Welcome to NBKRC.com

National Bankruptcy Research Center September 2010 Bankruptcy Filings Report

Bankruptcy filings in September rose slightly from the previous month, to a total of about 130,000. Because filings in August and September are usually steady, this suggests, on a seasonally adjusted basis, a slight increase of about 4%. As compared to last year, filings for September were about 4% higher than for last September. Filings for 2010 to date are still about 11% higher than during the first three quarters of last year. To put that number in context: filings in the first three quarters of 2009 were 35% higher than at the same point in 2008.

Nationwide, filings this year to date amount to slightly more than 10000 filings per million households – about 1 in every 98 households. Through the course of 2010 the filing rates have become increasingly disparate throughout the country. The highest filing rates are concentrated in the Southwest and the Southeast. Thus, on a household-adjusted basis, Nevada has substantially more than twice the national filing rate (23,000 filings per million households this year). Georgia, California, Utah, and Tennessee follow with about 50% more than the national average (16,000-17,000 filings per million households this year). The lowest filing rates, by contrast -- seven states had rates less than half the national average – are scattered throughout the country, generally in states remote from the aggressive lending activity that characterized the bubble of the last decade: Alaska, the District of Columbia, South Carolina, North Dakota, South Dakota, Texas, and Vermont.

The variation at the county level is particularly provocative, because the counties with the highest filing rates (adjusting for households located in the county) are concentrated in the Southeast. Excluding small counties with less than ten filings, Gallatin County, Kentucky (near Lexington) has the highest rate in the country – more than four times the national average. Seven of the next nine counties with high filing rates are in suburban and rural Georgia near Atlanta. The most noteworthy urban county (fifth highest overall) is Shelby County, Tennessee (Memphis), which had more than three-and-a-half times the national average of filings in September. At the other end of the spectrum, the lowest filing rate in the country last month among urban counties (with a population more than 100,000) was in Brazos County, Texas (Bryan/College Station) – with a filing rate substantially less than one-tenth the national average.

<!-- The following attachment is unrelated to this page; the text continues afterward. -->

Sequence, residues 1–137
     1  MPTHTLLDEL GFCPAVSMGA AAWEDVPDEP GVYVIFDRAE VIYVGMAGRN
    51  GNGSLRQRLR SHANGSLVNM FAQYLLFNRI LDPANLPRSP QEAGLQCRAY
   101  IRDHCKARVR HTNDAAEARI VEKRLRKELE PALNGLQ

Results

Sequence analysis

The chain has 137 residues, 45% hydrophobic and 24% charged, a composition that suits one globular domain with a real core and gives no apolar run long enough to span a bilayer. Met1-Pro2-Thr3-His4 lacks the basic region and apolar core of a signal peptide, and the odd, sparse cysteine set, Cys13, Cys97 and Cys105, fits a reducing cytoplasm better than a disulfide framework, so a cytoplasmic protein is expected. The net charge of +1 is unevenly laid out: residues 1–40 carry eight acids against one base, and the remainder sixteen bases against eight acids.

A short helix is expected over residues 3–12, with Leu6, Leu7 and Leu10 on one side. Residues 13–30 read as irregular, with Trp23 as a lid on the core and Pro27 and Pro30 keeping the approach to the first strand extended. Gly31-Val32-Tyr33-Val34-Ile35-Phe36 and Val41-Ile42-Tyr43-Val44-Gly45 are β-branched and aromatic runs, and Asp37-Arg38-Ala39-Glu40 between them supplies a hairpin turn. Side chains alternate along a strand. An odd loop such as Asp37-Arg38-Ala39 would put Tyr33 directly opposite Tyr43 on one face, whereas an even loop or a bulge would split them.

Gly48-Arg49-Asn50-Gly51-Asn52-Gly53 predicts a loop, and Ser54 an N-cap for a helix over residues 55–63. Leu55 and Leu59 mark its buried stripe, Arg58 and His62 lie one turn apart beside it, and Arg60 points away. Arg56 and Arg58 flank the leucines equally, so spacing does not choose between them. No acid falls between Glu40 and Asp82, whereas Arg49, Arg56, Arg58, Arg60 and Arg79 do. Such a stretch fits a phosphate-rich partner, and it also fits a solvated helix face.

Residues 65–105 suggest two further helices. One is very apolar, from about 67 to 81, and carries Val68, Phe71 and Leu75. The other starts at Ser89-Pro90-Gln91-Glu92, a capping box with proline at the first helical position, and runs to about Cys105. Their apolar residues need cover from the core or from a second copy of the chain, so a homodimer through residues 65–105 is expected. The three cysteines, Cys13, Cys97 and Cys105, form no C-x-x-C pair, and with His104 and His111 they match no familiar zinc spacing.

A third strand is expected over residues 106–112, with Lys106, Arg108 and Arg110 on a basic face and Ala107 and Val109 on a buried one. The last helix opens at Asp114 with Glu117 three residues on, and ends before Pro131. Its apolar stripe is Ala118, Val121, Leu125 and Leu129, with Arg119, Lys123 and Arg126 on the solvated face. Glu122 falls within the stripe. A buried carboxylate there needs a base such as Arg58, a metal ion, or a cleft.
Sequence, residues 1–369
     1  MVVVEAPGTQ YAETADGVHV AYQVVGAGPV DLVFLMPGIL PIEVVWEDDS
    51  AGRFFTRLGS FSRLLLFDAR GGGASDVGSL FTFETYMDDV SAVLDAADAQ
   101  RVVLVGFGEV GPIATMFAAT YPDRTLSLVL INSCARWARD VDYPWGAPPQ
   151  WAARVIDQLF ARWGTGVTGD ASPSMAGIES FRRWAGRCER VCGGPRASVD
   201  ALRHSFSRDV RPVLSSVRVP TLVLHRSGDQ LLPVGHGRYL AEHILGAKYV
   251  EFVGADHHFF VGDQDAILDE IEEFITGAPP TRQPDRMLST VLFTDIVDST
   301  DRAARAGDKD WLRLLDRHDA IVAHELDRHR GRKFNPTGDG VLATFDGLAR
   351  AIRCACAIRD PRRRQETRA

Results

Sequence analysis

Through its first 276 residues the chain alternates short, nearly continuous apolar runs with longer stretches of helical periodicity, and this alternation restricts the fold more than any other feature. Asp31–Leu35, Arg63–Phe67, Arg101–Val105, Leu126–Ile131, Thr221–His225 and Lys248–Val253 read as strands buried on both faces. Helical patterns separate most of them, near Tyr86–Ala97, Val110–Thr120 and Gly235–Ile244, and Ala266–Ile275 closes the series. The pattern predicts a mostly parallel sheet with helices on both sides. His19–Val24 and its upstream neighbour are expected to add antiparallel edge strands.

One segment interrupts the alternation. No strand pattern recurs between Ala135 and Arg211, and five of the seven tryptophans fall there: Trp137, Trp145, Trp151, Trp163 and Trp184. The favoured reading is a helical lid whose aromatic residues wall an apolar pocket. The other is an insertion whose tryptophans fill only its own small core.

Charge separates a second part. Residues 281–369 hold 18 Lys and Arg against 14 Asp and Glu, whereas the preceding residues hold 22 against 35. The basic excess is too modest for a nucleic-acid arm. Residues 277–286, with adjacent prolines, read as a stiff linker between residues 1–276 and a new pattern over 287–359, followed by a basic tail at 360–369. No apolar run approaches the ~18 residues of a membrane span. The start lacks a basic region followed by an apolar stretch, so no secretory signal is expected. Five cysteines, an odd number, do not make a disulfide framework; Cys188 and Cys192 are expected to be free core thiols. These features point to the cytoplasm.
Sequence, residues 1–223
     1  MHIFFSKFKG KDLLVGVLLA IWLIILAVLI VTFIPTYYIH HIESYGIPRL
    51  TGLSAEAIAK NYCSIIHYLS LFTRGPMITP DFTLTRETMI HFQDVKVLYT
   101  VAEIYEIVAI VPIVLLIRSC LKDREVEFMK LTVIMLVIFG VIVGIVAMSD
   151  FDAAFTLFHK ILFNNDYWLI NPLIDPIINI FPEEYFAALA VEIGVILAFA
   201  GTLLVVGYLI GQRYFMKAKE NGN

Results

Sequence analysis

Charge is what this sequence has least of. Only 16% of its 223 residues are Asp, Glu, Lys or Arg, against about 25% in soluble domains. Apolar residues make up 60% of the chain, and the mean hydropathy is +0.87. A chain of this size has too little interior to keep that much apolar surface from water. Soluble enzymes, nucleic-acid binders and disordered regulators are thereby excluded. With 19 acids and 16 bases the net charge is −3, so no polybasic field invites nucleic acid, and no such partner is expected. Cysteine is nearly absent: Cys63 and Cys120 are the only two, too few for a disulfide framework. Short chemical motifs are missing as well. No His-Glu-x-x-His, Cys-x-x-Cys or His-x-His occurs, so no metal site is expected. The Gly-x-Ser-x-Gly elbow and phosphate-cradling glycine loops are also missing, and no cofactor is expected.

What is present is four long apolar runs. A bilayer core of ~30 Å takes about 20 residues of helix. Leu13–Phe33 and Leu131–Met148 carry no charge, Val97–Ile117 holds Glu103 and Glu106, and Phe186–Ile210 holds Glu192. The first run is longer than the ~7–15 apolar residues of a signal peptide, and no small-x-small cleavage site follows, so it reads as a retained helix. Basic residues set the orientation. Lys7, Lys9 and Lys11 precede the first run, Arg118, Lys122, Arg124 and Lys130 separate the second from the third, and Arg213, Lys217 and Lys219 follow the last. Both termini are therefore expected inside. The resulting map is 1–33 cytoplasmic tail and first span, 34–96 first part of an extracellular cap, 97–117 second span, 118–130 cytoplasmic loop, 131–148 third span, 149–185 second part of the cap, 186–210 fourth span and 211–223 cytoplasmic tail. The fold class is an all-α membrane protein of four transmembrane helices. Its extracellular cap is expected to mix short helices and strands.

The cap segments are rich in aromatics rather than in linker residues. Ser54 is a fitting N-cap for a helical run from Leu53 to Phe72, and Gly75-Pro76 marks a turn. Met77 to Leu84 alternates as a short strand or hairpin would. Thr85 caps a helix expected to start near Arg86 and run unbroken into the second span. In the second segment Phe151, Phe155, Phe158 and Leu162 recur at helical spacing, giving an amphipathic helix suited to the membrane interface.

Another accelerating trend in the data is the sharp disparity in changes since last year. Where a few states (all in the South) already have begun to see rates fall after the recession, some states continue to experience sharp increases, even by comparison to the elevated filing rates of 2009. Thus, despite the nationally noteworthy high filings in Memphis, filings throughout Tennessee have fallen seven percent since last year; filings have fallen by lesser amounts in West Virginia, South Carolina, Mississippi, Alabama, North Carolina, and Iowa. By contrast, filings have risen sharply this year in the far Southwest: Hawaiian filings are up 33%, California’s by 30%, Arizona’s by 29% and Utah’s by 27%.

The data also reflect the continued prevalence of Chapter 7 (liquidation) filings; only 30% of the September filings sought relief under Chapter 13 (rehabilitation). The continuing decline in the share of Chapter 13 filings contrasts with the strong push by Congress in its 2005 bankruptcy legislation to encourage bankrupts to choose Chapter 13 rather than Chapter 7. As is typical, there was a substantial variation among the States in the prevalence of bankrupts seeking Chapter 13 relief. The States with the highest share of Chapter 13 filings remain concentrated in the Gulf Coast. Thus, 61% of filings this year in Louisiana have been under Chapter 13, with similarly high shares in Alabama (56%) and Texas (49%). At the other end of the spectrum were States with relatively low Chapter 13 shares; Iowa, New Mexico, South Dakota, West Virginia, and Connecticut all had less than 10% of their filings under Chapter 13.

This analysis was performed on data collected by the National Bankruptcy Research Center (NBKRC) by NBKRC contributor Professor Ronald Mann of the Columbia Law School.